Review – Some Prefer Nettles March 11, 2012Posted by thehypermonkey in 3 stars, Foreign, Literature.
Tags: "book review", "book reviews", books, japan, japanese fiction, junichiro tanizaki, literature, reading, some prefer nettles
by Junichrio Tanizaki
The conflict between traditional and modern Japanese culture is at the heart of this novel. Kaname is a smug, modern man living in a modern marriage. He gamely allows his wife to become the lover of another man, an act that does not cure the profound sadness at the heart of their relationship. So Kaname gradually retreats into the protection of traditional rituals, attitudes and tastes, eventually making love to Ohisa, his father-in-law’s old-fashioned mistress, as he abandons the modern world entirely. The novel’s other characters, including Kaname’s wife, his lover, his father-in-law, and even the cities in which they live, all symbolize the modern and ancient ways of life in Japan. Tanizaki’s characteristic irony, eroticism, and psychological undertones make Some Prefer Nettles an exceptional and compelling read.
The synopsis is somewhat misleading. Kaname doesn’t, in fact, “make love to Ohisa”. He simply spends more time with his father-in-law and his mistress.
What it is, is a fascinating insight into the psychology of the mindset of the Japanese mentality of that era as Kaname and his wife, Misako deliberate over the act of divorce. Kaname is of the “Tokyo” style and wishes to cause the least amount of inconvenience to all parties. So they choose to wait until the moment is most “opportune”.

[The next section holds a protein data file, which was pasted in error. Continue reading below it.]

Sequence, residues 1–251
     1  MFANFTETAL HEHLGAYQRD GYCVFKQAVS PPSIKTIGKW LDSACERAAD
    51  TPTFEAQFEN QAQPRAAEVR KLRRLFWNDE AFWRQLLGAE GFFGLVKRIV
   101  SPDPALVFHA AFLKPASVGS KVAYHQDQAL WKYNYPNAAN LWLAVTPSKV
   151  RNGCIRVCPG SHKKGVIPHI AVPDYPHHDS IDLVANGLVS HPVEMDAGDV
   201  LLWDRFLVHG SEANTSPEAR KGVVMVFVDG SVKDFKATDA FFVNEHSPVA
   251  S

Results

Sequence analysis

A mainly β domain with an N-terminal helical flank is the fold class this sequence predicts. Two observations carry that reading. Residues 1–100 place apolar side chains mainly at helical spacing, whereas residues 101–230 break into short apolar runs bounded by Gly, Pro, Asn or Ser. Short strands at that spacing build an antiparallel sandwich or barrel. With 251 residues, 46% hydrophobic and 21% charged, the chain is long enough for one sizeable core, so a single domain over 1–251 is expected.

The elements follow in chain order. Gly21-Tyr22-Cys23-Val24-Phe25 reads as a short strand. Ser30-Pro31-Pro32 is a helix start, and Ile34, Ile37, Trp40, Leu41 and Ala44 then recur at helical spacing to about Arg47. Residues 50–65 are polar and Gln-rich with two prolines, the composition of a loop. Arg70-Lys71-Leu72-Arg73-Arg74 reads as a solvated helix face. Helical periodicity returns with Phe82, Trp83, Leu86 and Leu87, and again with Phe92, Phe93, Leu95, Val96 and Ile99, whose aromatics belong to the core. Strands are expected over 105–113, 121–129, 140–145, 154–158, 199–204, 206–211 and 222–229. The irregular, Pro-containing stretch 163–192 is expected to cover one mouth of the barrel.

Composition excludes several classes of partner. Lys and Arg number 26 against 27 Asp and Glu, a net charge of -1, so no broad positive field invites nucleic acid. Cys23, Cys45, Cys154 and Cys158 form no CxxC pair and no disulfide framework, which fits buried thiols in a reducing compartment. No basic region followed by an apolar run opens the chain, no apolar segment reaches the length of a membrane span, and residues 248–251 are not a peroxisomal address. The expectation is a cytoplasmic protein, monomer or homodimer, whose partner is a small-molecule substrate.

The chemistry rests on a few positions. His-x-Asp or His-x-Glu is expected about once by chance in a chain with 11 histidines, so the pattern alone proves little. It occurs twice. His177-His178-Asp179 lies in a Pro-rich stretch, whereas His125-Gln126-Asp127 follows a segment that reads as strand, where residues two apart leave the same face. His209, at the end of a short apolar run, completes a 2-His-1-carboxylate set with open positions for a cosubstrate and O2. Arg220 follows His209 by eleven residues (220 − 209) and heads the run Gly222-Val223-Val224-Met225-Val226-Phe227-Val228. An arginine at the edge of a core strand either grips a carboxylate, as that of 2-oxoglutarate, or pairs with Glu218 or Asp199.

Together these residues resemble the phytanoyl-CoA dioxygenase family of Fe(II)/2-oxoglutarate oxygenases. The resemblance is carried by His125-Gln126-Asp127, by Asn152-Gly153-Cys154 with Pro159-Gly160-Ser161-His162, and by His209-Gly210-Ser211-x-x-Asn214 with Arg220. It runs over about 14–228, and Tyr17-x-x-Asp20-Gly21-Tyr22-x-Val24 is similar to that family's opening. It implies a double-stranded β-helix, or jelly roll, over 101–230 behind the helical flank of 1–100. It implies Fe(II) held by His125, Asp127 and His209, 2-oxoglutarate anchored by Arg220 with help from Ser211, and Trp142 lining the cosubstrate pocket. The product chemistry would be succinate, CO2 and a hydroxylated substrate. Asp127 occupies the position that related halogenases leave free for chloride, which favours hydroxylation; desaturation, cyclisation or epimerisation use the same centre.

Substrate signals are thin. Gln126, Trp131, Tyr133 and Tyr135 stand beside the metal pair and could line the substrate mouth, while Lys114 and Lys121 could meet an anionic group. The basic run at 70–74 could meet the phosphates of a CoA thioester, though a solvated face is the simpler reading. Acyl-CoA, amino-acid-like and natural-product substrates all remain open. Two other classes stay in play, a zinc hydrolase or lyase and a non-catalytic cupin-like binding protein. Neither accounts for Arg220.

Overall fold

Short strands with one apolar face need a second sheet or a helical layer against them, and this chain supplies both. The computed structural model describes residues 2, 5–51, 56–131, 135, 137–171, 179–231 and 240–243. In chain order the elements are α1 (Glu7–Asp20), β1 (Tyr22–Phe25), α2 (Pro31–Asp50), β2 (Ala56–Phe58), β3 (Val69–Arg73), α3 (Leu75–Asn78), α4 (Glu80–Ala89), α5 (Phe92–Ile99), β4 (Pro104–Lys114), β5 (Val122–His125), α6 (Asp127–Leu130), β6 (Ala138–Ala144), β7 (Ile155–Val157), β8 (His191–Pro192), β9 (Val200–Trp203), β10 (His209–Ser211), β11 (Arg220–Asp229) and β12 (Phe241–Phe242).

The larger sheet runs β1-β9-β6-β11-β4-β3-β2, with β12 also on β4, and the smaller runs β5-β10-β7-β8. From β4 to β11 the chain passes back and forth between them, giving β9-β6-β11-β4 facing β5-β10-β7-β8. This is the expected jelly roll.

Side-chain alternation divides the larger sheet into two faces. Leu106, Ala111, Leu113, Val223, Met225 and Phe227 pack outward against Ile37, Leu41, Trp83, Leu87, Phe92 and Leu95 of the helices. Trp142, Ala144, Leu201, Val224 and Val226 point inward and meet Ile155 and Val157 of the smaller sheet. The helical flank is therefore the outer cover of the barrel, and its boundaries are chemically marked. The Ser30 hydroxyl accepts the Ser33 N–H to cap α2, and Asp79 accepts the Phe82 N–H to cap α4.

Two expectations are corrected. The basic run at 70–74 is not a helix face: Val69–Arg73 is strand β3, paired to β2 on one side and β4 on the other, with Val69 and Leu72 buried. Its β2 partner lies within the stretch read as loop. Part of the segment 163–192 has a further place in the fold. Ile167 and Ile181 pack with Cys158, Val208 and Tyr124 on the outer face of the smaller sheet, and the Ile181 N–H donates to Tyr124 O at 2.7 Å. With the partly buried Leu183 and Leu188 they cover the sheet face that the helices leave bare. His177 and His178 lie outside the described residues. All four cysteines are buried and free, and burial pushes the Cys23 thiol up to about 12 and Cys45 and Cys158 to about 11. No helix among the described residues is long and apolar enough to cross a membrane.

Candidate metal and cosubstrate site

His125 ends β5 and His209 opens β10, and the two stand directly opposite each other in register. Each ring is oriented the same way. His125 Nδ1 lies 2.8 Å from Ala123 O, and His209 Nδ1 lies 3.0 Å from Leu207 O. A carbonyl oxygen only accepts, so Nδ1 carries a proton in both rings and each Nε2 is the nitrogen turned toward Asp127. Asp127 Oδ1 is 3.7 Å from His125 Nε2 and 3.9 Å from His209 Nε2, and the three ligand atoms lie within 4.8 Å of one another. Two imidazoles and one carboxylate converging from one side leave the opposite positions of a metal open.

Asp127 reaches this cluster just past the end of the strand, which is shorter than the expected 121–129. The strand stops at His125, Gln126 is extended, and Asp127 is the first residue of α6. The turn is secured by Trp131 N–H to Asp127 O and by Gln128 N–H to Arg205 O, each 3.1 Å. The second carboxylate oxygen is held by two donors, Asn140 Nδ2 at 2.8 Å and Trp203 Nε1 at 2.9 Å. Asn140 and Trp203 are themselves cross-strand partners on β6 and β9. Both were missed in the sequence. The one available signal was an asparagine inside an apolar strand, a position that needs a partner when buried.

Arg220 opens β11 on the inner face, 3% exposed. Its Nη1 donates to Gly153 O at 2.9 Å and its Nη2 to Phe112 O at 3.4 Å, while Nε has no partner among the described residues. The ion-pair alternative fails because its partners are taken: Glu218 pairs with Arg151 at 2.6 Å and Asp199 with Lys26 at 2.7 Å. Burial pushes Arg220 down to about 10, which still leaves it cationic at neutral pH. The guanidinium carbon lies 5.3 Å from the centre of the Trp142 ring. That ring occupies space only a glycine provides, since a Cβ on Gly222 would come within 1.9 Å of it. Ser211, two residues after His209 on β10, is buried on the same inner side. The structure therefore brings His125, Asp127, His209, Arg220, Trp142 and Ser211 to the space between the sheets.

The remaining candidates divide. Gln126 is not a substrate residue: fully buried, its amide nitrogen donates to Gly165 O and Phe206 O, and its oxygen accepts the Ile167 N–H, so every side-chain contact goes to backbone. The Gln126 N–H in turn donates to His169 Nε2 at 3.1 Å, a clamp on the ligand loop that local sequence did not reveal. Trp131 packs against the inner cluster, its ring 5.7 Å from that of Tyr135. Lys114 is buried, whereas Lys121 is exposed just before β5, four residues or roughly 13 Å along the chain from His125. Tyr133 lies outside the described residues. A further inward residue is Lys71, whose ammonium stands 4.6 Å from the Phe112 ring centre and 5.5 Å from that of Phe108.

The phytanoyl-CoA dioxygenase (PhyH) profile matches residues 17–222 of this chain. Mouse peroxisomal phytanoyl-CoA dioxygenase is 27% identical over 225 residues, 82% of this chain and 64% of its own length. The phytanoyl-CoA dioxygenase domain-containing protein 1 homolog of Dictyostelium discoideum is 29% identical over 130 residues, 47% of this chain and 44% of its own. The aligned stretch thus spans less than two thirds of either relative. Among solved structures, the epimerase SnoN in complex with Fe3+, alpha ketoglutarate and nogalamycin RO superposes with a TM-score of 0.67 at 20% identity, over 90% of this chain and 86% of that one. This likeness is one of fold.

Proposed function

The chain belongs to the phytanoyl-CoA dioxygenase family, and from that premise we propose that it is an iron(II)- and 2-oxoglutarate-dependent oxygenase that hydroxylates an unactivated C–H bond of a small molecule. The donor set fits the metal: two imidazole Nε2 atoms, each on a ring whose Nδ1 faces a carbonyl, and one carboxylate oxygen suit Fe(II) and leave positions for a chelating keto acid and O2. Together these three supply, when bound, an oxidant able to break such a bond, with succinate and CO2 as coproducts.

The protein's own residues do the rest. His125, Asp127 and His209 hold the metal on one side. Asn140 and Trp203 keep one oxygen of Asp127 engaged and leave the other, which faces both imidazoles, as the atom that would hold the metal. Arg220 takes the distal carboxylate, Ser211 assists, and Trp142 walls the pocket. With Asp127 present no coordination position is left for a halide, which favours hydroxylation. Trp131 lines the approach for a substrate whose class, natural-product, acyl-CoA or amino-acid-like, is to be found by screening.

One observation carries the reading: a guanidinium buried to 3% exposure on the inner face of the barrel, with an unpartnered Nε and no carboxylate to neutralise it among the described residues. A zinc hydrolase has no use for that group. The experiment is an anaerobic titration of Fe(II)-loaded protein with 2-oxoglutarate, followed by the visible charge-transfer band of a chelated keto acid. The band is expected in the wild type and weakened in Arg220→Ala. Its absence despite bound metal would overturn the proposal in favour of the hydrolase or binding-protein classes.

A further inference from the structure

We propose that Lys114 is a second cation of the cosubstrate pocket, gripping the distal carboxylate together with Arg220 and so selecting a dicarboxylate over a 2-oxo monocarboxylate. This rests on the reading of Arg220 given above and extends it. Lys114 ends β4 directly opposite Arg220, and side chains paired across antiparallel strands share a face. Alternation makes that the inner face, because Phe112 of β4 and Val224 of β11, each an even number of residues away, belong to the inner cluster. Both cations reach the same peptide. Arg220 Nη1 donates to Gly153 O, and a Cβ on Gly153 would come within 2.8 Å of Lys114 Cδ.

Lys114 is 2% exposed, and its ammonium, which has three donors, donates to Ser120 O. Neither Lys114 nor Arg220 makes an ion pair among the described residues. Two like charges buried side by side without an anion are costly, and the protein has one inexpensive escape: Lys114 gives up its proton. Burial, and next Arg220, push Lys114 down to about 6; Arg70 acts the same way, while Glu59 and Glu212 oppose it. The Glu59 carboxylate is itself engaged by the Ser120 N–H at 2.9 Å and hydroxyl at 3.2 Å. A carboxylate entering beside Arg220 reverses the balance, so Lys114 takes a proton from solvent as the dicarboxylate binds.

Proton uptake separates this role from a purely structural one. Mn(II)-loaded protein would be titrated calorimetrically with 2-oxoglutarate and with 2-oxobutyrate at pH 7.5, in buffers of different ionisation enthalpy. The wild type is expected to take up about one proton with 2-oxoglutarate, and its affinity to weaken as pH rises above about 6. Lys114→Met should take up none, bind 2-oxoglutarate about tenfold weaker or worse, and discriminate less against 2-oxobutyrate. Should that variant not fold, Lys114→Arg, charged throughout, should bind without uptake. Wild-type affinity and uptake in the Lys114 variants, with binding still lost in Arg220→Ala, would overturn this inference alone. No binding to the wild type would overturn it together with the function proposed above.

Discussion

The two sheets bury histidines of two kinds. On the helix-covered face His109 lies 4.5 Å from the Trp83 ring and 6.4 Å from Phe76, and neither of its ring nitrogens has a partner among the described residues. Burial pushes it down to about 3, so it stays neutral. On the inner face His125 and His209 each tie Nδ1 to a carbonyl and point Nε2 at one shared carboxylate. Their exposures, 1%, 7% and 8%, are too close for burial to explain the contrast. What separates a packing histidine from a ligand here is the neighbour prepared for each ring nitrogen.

In reality, it seems as though his heart is not made up about the parting of ways with Misako. It doesn’t seem as though Misako is entirely sure either.
I waffled between being intrigued over their dilemma and being frustrated over their indecision. What could be construed as deliberation over a very monumental decision, seemed to also be a weakness and a profound shortcoming in Kaname. So I was at once mesmerized by their dilemma and then in another moment frustrated by it.
On the whole, even though it was well written, I found it a very unsatisfying and unsettling read. I didn’t enjoy it and I wouldn’t truly recommend it for anyone looking for a breezy Sunday afternoon read. If you’re looking for insight into how a Japanese man tries to transition from traditional Japan to modern Japan then this is the book for you. Otherwise I’d be cautious about reading it.